Sidney Poitier, who has died aged 94, once turned down the role of Othello because he did not want to be typecast as a black actor.
It underlined the dilemma faced by a man who broke down many of Hollywood’s racial barriers.
As the first black winner of the Academy Awards’ best actor statuette, he was always aware of being the standard-bearer for greater racial integration.
But often he felt he had become something of a racial token, and this denied him the opportunity of taking on more varied roles.
He died on Friday, aged 94, the Bahamian foreign minister announced.
Sidney Poitier was born on 20 February 1927 in Miami, Florida.
His parents were Bahamian farmers who had travelled to the US to sell tomatoes. His premature birth meant he gained US citizenship as well as Bahamian.
Relatives believed his father’s family originated in Haiti and that his ancestors were runaway slaves.
He was brought up on Cat Island in the Bahamas before the family moved to the capital, Nassau.
Aged 15 he went to live with his brother in Miami before moving to New York, where he worked as a dishwasher.
It was in the US that he experienced racism for the first time.
“I lived in a country where I couldn’t get a job, except those put aside for my colour or my caste.”
After a spell in the US Army he joined the American Negro Theatre, which had been set up as a community project in Harlem in 1940.
Unfortunately Poitier was tone-deaf and was unable to sing, something audiences felt was a prerequisite of black actors at that time.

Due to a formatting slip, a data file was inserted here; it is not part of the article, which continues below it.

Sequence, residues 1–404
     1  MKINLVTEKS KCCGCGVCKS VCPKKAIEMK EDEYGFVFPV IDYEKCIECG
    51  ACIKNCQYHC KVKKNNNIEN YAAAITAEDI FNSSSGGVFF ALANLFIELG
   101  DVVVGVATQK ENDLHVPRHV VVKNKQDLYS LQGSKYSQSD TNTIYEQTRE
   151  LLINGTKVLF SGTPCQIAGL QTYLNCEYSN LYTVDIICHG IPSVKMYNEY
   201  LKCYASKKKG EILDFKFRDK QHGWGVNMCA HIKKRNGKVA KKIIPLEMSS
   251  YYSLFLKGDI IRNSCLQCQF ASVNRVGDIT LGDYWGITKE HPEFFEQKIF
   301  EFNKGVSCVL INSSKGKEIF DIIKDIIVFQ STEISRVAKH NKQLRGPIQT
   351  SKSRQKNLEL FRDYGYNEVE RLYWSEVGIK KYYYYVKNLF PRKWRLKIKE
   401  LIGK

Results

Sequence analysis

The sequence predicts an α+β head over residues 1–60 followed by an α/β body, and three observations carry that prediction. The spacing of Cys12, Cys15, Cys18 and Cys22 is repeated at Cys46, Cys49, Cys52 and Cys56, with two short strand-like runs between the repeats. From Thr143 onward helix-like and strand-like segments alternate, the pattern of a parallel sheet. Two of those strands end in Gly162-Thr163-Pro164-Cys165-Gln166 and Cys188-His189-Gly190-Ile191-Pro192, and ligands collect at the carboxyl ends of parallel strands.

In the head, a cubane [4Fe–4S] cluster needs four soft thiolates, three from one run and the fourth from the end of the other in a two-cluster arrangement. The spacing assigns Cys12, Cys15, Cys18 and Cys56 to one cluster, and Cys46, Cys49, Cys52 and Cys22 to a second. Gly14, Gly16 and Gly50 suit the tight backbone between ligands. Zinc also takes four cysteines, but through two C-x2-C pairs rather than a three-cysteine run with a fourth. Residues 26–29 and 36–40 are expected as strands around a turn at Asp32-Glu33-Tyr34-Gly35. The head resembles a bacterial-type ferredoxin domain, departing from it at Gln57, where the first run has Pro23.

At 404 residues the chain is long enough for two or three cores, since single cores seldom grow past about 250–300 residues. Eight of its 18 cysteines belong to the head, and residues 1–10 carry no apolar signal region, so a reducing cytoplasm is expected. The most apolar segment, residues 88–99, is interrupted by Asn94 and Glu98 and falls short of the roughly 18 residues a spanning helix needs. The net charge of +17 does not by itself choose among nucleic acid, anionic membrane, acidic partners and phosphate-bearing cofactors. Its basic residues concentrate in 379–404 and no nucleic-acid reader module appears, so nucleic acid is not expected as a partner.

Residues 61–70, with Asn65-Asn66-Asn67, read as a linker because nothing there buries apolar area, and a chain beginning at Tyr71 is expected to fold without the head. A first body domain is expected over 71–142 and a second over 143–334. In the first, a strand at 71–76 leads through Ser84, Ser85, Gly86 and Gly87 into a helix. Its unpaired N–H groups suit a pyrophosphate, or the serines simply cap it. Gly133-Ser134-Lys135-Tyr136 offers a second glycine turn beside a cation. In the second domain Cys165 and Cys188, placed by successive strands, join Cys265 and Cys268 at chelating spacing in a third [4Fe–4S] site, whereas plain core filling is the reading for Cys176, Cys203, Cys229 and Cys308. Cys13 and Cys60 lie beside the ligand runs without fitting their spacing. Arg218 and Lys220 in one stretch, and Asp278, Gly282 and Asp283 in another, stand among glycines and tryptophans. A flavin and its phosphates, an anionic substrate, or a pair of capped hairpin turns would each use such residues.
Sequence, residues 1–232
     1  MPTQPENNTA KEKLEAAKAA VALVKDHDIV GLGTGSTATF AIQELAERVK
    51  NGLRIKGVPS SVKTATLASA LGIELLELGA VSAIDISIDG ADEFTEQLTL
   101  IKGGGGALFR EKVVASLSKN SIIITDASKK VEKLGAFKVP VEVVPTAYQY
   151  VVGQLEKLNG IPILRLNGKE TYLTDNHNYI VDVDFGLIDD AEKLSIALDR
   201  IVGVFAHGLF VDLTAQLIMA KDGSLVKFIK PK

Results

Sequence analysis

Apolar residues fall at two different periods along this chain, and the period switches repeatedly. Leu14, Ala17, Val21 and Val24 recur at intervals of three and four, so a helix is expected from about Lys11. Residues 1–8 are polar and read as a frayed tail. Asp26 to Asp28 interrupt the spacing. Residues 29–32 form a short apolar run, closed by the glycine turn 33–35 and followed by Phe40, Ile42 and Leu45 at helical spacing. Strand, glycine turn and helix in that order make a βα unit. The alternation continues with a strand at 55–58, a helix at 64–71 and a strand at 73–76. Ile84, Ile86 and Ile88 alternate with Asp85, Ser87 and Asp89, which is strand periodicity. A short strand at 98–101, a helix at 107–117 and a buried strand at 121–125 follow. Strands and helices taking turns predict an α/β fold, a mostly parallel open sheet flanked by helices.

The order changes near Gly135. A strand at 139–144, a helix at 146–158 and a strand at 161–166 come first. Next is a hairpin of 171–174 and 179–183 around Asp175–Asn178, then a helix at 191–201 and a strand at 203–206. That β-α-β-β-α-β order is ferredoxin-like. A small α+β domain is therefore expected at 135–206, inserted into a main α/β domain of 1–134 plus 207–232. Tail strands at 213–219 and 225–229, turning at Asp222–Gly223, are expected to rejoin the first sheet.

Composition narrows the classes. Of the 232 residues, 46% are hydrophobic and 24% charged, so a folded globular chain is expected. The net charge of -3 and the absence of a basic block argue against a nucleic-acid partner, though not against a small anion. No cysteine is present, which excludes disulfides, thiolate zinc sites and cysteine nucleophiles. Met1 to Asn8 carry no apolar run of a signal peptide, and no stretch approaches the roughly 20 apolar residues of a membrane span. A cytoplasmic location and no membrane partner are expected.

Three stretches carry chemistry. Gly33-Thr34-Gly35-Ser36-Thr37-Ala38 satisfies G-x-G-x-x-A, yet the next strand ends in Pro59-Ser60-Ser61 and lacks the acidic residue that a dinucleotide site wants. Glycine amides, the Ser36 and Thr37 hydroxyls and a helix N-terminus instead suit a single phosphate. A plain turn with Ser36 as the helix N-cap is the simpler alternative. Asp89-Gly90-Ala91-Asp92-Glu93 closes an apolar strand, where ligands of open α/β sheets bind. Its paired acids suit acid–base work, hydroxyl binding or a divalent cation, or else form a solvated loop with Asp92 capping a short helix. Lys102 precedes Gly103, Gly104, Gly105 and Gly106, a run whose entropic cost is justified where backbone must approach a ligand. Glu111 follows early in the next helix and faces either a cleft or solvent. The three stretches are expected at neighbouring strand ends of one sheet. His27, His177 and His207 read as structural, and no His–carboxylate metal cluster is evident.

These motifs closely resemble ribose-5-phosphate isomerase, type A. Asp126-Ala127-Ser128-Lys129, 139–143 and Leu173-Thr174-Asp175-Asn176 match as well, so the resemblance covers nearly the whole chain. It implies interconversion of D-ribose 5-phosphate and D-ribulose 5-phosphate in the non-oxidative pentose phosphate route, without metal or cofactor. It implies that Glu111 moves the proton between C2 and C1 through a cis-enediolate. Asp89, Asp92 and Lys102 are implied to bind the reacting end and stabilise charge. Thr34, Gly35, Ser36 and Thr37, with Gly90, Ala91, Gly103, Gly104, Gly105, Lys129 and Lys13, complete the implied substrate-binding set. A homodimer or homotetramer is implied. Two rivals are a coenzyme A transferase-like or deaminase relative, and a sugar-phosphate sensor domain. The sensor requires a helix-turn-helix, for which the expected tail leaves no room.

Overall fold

Instead he decided his future lay as a serious stage actor and he was offered a leading role in a production of Aristophanes’ comedy Lysistrata in 1946.
It was a sign of the times that the production featured only black actors.
In 1949 he took the difficult decision to move away from stage productions and into films.
It was a sound decision. His performance in the 1950 film No Way Out, in which he played a newly-qualified doctor confronted by a racist patient, brought him to the attention of the studios.
His breakthrough came in The Blackboard Jungle in 1955, in the role of a disruptive pupil in an inner-city school.
The film was immensely popular, not least because it was one of the first to have a soundtrack featuring rock ‘n’ roll, including Bill Haley’s classic Rock Around the Clock.
The Defiant Ones, in 1958, saw Poitier nominated for best actor at the Academy Awards, and he won a Bafta for the same film.
Five years later he was awarded an Oscar for Lilies of the Field, the first black winner of the Best Actor trophy.
With the growing civil rights movement in the US, it was inevitable Poitier would find himself lauded as an example of black achievement. It was a role he gladly accepted.
“I was a pretty good actor and I believed in brotherhood. I hated racism and segregation. And I was a symbol against those things.”
However, he was concerned that his Oscar may have been indicative of Hollywood’s need for a token black actor, rather than something he achieved on merit.
Then 1967 saw him at his commercial peak with three films, making him Hollywood’s most bankable star that year.